I recently took my mother to a community theater performance of "The Music Man." Since my mom is in her 80s and has some trouble getting around, I picked a theater close to where she lives that would be easy for her to navigate. We both enjoyed the show a lot and it was great spending the day with her. The story I'm about to share isn't really about the theater experience but a related customer experience that occurred earlier in the day. As I was on my way to pick up my mom, one of my sisters send me a text message on my smartphone asking if I could take a look at an antique floor lamp in my mother's apartment that had a faulty light socket. After scoping out the fixture, it looked to me like it needed to be replaced. I texted my sister that I'd try to stop at a Home Depot after the performance if time permitted and pick up a new light socket.
A few minutes after sending the text, I received an email offer from Home Depot for light sockets. Coincidence? Not likely.
The wireless carrier I use shares customer data with advertisers. These advertisers then use this data to create targeted online ads. When users like me sign up for this carrier's service, they agree to allow the carrier to use their location, information gleaned from web searches, app usage, and other data. The carrier then supposedly strips out any personal identifiers from this data and pumps it out into reports for advertisers to use. I probably clicked a box agreeing to this when I first signed up for the wireless service years ago.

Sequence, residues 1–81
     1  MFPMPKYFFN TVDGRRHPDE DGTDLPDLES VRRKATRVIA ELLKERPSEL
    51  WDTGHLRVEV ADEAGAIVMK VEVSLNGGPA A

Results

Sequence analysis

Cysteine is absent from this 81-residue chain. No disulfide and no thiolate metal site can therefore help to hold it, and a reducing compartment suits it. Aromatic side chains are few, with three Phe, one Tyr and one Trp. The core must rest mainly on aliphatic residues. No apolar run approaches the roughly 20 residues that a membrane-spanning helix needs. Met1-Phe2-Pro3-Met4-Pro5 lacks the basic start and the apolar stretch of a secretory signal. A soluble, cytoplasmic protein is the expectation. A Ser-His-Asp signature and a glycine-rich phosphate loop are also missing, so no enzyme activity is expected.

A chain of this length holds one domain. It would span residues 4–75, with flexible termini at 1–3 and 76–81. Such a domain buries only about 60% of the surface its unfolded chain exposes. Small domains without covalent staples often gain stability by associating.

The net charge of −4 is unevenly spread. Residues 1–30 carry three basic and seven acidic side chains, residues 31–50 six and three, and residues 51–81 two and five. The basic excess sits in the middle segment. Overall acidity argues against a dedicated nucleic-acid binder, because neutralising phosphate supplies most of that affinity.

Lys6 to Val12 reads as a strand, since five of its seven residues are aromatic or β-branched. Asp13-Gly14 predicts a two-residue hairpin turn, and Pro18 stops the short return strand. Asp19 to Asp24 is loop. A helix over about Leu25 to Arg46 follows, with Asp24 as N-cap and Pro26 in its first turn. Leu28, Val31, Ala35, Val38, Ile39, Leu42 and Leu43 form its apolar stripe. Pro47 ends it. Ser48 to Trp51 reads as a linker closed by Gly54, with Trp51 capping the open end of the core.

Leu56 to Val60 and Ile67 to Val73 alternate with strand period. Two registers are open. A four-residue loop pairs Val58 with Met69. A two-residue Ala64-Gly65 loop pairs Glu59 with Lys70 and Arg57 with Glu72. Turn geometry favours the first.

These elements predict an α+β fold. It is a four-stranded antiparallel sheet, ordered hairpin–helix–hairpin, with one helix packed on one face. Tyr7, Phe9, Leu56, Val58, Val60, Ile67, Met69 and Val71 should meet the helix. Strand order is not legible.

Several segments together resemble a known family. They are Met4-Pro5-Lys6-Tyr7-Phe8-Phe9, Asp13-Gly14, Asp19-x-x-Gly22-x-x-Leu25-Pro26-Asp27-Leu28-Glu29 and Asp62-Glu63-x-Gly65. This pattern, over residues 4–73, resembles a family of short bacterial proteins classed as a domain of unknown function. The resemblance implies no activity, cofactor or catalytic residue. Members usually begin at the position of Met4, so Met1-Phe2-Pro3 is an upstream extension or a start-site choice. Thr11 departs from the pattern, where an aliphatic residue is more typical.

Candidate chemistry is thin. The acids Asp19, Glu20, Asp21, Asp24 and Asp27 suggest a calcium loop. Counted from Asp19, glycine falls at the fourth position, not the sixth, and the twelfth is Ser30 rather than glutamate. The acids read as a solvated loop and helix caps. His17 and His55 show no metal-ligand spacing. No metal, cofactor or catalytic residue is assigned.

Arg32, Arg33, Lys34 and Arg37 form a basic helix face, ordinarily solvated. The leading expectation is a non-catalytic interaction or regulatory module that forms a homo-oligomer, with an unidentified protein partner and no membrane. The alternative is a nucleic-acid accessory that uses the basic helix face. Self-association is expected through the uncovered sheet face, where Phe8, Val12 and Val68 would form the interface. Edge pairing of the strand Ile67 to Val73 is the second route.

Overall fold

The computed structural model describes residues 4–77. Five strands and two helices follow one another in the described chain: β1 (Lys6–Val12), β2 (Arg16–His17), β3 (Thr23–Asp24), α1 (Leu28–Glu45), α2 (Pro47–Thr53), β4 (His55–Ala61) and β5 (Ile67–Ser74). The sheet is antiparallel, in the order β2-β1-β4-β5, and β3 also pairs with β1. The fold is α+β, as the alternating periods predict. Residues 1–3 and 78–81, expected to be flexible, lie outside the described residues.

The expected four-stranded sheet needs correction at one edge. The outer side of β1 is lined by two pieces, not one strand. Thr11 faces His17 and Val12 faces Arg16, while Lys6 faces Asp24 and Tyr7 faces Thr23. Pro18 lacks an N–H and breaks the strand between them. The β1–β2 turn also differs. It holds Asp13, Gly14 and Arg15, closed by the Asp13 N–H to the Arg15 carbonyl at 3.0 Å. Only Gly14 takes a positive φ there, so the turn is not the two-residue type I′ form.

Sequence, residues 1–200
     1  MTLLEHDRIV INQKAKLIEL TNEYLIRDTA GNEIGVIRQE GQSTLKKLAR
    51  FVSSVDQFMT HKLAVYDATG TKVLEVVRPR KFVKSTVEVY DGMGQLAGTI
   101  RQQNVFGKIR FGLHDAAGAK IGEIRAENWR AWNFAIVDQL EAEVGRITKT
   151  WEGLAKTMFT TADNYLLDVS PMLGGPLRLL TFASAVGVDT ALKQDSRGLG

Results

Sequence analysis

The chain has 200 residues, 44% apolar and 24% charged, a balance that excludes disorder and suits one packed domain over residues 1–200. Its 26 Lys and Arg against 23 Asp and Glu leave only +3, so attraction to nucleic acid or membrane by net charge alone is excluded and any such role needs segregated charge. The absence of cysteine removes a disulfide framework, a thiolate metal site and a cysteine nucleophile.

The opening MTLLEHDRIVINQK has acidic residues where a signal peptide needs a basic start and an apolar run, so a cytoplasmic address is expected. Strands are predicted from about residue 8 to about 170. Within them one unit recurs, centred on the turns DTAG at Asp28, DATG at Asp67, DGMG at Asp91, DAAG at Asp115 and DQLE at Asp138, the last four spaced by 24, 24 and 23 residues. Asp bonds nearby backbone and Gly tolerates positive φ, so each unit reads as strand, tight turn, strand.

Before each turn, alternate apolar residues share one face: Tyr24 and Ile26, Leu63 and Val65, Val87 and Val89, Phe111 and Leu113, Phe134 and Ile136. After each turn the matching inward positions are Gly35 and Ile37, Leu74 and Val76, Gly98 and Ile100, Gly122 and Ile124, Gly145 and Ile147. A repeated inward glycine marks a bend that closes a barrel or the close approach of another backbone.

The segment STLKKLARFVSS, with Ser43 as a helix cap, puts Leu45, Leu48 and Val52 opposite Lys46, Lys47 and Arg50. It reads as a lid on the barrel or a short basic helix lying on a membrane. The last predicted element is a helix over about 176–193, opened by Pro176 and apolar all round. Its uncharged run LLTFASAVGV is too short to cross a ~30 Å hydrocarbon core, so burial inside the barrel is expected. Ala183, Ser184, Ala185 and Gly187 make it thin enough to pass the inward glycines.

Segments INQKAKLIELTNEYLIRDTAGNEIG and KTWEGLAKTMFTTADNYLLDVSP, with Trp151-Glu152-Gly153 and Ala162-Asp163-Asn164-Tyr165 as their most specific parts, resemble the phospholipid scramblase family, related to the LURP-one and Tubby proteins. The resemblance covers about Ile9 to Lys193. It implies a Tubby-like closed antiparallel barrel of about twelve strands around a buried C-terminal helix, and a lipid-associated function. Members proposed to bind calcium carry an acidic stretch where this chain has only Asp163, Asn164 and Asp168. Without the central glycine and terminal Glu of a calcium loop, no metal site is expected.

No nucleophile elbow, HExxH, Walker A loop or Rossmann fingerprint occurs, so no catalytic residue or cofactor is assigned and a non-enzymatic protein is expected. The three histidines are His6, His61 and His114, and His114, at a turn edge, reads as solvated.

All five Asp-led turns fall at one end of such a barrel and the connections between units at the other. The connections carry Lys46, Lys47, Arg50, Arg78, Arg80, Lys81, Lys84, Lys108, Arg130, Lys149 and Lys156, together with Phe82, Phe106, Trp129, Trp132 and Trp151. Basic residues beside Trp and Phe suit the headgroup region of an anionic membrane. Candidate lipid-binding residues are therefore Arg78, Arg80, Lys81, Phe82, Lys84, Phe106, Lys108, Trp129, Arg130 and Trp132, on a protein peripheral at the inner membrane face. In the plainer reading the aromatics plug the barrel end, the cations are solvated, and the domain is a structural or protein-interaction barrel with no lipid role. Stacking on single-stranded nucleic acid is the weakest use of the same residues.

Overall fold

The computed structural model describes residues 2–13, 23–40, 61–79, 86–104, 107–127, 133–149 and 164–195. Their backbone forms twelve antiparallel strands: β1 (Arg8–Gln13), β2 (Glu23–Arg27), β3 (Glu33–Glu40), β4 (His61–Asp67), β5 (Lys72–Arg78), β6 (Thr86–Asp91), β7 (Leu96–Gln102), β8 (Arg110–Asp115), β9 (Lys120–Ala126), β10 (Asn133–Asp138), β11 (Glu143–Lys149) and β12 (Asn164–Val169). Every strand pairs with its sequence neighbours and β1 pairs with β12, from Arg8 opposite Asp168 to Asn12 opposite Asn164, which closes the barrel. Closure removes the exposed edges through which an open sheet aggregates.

Some people get creeped out about receiving messaging like this. Others find it extremely unsettling. Me? I felt a little weird about it at first but I got past it. I guess I fall into that group of consumers who are willing to share personal data about myself so long as there's some perceived value in the messaging I receive in return.
But not all customers are comfortable with having their personal data shared with advertisers and such practices could be subject to stricter regulatory enforcement. The Federal Communications Commission (FCC) recently proposed a set of privacy rules for Internet Service Providers (ISPs) that would significantly curb their ability to share data about customers' online activities with advertisers without permission from users. FCC Chairman Tom Wheeler is calling for ISPs to clearly disclose how data is collected regarding users' online activities
Consumers should have a clear understanding about how companies are using and sharing their personal data with third parties. ISPs, retailers, and other companies that gather and use consumer data should be transparent about their practices and their intentions for using such data. Anything short of this will breed mistrust and strain the customer-company relationship.